Following the moo-lah behind the butter cow
For about a month every summer, Sarah Pratt dons layers of clothing normally saved for the dead of winter, enters a 40-degree refrigerator and spends at least eight hours a day sculpting a life-sized cow out of slippery, smelly, frigid butter.
Working almost nonstop to meet her deadline — Day 1 of the Iowa State Fair — some regular activities lapse, she said, some catch-ups with friends get put on hold and much of the time normally reserved for her husband, son and twin daughters goes to sculpting.
She does all this in pursuit of butter cow perfection.
For her four weeks (including weekends) of eight-hour-a-day effort, Pratt is paid between $13,000 and $15,000 a year, which equals between $54 and $62 an hour. The Iowa State Fair, an entity of the state, funds about $8,000 to $10,000 a year, depending on expenses, while the rest of Pratt’s salary is paid by the Midwest Dairy Association.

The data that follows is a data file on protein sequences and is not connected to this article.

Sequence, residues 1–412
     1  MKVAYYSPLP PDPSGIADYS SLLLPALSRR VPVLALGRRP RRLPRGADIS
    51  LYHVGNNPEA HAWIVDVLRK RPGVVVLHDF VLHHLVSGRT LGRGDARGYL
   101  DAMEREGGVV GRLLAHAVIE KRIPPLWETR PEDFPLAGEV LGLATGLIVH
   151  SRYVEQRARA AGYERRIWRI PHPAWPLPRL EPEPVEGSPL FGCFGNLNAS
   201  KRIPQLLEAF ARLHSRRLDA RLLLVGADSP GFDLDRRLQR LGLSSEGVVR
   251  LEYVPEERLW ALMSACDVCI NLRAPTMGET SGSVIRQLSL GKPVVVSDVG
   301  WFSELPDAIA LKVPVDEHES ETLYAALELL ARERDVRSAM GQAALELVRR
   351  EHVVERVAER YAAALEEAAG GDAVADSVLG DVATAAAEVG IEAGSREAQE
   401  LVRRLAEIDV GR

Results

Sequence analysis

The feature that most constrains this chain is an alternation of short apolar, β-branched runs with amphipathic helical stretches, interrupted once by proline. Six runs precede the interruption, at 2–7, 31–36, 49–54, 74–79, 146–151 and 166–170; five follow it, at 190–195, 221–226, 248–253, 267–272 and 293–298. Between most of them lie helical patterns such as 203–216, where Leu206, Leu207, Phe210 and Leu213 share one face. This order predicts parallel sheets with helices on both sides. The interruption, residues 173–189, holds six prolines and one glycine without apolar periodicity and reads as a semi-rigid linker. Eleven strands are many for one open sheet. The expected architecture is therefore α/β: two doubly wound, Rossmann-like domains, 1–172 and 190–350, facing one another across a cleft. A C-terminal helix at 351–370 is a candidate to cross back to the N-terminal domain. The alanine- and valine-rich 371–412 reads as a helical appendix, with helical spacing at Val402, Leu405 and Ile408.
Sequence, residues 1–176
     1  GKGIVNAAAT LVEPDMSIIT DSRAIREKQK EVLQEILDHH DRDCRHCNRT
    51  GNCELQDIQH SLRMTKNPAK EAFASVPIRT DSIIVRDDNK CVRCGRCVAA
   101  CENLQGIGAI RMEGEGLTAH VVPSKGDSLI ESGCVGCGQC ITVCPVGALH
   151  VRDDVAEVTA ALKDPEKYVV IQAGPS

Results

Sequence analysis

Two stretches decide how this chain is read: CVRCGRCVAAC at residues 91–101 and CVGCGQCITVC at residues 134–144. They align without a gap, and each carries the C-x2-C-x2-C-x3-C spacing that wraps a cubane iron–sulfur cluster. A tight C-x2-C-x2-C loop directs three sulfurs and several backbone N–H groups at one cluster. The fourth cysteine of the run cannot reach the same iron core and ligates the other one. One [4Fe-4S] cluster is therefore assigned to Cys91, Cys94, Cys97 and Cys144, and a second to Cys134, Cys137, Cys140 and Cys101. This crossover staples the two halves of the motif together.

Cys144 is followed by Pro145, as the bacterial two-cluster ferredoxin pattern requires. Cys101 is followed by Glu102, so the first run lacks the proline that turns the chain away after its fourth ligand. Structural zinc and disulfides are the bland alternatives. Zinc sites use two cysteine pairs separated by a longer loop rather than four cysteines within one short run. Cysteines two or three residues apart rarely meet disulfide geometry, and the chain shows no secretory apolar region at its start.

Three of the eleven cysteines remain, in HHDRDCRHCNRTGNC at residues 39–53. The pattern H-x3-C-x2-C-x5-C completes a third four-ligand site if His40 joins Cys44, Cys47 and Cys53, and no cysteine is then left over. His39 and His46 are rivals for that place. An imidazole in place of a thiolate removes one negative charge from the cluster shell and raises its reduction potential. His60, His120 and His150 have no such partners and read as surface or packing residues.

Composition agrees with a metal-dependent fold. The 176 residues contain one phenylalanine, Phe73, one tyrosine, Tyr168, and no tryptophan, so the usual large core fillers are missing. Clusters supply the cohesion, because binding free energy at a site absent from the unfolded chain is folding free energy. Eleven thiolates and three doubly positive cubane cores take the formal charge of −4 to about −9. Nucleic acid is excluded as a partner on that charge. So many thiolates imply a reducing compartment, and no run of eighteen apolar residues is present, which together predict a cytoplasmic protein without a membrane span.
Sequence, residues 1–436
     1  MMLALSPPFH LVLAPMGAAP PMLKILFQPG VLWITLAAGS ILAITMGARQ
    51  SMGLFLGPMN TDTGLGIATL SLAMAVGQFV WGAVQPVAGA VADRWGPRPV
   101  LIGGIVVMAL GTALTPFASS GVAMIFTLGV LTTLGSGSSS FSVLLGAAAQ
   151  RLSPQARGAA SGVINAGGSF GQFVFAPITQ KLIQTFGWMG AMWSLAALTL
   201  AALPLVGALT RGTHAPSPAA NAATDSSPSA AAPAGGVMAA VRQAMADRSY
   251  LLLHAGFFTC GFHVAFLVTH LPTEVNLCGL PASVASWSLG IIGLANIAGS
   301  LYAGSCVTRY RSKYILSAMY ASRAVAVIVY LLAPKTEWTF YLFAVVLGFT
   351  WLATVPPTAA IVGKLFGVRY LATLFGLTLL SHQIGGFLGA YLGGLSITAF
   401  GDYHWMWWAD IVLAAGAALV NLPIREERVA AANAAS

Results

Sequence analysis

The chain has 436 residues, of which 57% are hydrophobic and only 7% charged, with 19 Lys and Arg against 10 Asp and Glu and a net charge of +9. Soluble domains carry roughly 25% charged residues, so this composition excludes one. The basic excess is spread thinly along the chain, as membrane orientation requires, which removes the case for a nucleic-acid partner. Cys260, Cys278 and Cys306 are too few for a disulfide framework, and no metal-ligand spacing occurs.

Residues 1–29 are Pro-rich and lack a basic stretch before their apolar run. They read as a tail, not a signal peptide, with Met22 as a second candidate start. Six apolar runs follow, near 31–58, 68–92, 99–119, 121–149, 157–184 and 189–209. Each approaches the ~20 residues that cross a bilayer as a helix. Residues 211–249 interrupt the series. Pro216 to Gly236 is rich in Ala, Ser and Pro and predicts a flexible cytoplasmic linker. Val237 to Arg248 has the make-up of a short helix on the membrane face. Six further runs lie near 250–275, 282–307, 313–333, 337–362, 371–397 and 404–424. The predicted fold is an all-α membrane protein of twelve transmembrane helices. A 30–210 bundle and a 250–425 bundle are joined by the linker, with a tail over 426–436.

The cost of butter sculptures came into the spotlight recently when the state of Illinois failed to promptly pay its artist for her work at this summer’s fair, a consequence of the state’s ongoing budget issues, said Illinois State Fair spokeswoman Rebecca Clark. Butter sculptor Sharon BuMann’s check can’t be mailed until an appropriation for the Illinois Department of Agriculture is passed, Clark said.
In Illinois, BuMann is paid $2,500 by the state, about a quarter of what the Iowa State Fair pays Pratt. The contrast is emblematic of fluctuating butter sculpting salaries across the Midwest, which are partly due to the differing levels of detail required for each sculpture.